Anti feminism basically means anti patriarchy theory. It means you do not agree that men have deliberately and systematically acted like total sociopaths and oppressed women for your benefit and at their expense. And you do not agree that women were so inept and weak throughout history that they were unable to negotiate their own gender roles in society….. or play a role in defining men’s gender roles.

    If one disagrees with patriarchy theory one is necessarily anti feminist. Which is to say if one believe men are NOT all-powerful sociopaths and that women are NOT weak, imbeciles with no agency or self motivation then one is necessarily anti feminist.

    > I’m not against a men’s rights movement existing just like I’m not against a women’s rights movement existing.

    Feminism (patriarchy theory) is to women’s rights what the KKK is to white people’s rights. Demonising some ‘other’ group (men/ blacks) and portraying them as a threat to civilised society is not the same thing as as celebrating or advocating for your own group (women / whites).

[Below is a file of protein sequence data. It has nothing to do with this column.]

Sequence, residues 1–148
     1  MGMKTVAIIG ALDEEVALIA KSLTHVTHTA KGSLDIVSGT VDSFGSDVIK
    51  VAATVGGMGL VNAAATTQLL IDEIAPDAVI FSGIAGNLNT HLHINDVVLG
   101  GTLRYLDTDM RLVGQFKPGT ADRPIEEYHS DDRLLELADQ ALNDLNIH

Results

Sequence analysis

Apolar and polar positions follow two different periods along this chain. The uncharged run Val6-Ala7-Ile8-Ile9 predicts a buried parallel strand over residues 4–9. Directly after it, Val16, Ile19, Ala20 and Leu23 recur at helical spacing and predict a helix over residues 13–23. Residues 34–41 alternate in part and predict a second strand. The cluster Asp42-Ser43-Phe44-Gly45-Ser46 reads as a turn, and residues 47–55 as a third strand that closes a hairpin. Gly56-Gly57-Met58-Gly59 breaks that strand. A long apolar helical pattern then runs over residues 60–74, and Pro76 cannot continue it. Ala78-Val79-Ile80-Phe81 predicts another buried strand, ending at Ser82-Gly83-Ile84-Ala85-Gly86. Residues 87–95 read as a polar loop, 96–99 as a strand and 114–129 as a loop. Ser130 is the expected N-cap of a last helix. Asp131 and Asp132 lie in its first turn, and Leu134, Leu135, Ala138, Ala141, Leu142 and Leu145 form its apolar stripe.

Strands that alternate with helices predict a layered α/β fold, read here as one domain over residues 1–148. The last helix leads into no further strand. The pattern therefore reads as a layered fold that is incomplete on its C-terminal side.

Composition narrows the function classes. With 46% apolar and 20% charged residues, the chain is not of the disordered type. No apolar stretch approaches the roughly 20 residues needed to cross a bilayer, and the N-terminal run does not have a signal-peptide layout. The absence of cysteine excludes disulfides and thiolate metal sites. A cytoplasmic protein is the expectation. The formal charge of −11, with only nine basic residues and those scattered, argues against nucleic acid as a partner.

• I can agree with that. I would say, though, that MRMs cross the line into admonishing another group in favor of advocating for their own–not as much as feminism, of course, and MRM’s theory doesn’t involve any “matriarchy” that I know of, but it still oftentimes comes across as an acceptable line of thinking to downplay women’s issues just to emphasize the importance of men’s issues.

  3. Bombe 20 says:

    First off, let me say that I have no problem at all with you not calling yourself an M(H)RA. That is your choice to make and I respect that.
    I actually do follow and respect quite a few people who prefer to be egalitarians, humanists, “anti-bullshit” or just “a guy with an opinion”.